The company announced this week that it is developing a post-apocalyptic tactical combat title that will pit squads of four players against each other to control resources and dominate a city landscape. A closed beta test is scheduled for the beginning of June, and players who are interested in participating can sign up to be a part of it. There’s also a brief FAQ that provides more details about what the game is and how it’s played.
Roccat Marketing Manager Tuan Mai told Engadget that the studio has solid talent behind it: “We can’t go into specifics on who at the time, but I can tell you that the team is composed of experienced developers that have worked at other game studios in Hamburg before.”
The MMO industry moves along at the speed of information, and sometimes we’re deluged with so much news here at Massively Overpowered that some of it gets backlogged. That’s why there’s The MOP Up: a weekly compilation of smaller MMO stories and videos that you won’t want to miss. Seen any good MMO news? Hit us up through our tips line!
This week we have stories and videos from Skyforge, EVE Online, Ingress, War Thunder, World of Tanks, Wakfu, League of Legends, SMITE, GTA Online, Elsword Online, Wurm Online, Darkfall: Rise of Agon, Worlds Adrift, Counter-Strike, SEAL Online, and Warspear Online, all waiting for you after the break!
There’s a hidden message in the patch notes for Shroud of the Avatar’s small patch from yesterday. What could it possibly mean? Is it something about the fact that several bug fixes are included in the patch? I mean, those are all good changes, I can’t imagine anyone would be upset about the fact that audio effects in Highport and Kingsvale are now properly linked to volume sliders. Or the cloak that now displays properly on male characters. But what’s the hidden message?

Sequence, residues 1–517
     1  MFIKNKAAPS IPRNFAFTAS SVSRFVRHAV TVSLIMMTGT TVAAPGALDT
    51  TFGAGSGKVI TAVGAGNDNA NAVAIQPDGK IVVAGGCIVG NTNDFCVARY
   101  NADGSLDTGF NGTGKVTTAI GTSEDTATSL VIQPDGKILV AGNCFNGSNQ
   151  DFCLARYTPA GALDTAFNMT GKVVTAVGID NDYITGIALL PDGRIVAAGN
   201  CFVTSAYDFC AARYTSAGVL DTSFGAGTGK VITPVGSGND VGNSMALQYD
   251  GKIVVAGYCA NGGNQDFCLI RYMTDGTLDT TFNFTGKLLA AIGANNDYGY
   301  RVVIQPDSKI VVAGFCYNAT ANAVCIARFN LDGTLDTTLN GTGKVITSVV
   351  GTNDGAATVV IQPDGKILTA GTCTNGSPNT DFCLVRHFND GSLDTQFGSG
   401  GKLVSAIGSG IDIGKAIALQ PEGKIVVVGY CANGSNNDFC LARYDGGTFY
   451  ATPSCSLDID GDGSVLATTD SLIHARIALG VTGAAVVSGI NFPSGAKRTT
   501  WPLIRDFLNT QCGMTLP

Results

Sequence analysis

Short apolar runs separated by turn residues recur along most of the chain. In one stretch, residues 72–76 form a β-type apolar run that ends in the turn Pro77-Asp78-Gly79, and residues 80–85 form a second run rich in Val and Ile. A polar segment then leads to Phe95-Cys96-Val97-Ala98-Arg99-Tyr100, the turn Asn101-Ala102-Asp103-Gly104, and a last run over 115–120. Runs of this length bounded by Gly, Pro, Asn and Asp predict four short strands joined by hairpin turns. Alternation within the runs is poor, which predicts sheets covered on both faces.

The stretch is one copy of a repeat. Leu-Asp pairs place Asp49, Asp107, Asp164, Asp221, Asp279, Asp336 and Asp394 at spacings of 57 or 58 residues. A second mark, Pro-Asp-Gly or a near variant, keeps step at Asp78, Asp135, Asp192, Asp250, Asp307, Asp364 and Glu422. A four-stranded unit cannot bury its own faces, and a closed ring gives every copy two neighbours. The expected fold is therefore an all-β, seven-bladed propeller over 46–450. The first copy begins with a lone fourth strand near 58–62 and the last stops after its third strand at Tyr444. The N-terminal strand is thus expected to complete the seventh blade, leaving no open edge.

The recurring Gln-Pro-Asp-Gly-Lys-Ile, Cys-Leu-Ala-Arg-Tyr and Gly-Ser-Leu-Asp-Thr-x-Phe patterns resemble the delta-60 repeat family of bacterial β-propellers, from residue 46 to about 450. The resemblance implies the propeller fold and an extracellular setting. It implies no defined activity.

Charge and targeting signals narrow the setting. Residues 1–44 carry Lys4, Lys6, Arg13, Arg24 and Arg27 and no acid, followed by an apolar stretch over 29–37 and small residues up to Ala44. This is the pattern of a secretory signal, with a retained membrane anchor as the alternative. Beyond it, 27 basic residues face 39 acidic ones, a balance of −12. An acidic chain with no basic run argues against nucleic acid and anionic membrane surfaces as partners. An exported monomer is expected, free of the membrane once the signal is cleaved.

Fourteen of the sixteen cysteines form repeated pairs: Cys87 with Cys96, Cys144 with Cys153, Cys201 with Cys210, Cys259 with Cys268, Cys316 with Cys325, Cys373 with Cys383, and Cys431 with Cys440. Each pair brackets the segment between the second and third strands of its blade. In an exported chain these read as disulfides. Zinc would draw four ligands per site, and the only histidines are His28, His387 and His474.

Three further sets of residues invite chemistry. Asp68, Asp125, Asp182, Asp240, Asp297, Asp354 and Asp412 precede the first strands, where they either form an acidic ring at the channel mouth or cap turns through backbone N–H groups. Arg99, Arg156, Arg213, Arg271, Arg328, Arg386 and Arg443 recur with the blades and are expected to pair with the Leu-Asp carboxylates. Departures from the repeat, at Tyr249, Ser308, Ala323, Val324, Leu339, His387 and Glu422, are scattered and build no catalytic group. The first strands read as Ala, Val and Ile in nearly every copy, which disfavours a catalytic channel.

Don’t misunderstand, we’re happy to know that Resurrect Creature will properly target pets, renaming lot deeds will no longer make blank entries, and Corpse Explosion has had line-of-sight issues fixed. (One would hate for corpses to go unexploded.) But what’s this hidden message? What are you hiding, update notes? Eh, maybe if you look at the entry for long enough it will come to you. It’s nice to see even the little patches being something you can use.
The Division (or what we called “The Divs” when I was a kid roaming the suburban streets of Ohio, looking for my next hit of Capri-Sun) wonders if you have plans this weekend. Yes? No? Willing to cancel? If you have a slice of time, perhaps you’d like to play the game and see how it’s shaped up over the past couple of years.
From May 4th through the 7th, you can try out The Division for free. There are just two conditions: You have to play it on a PC and you need to go through Uplay to access the promotion.
The Division pushed out a patch last month that tackled a whole host of bugs and added the new loadout system. Check out the exact times of the promotion’s start and end after the break.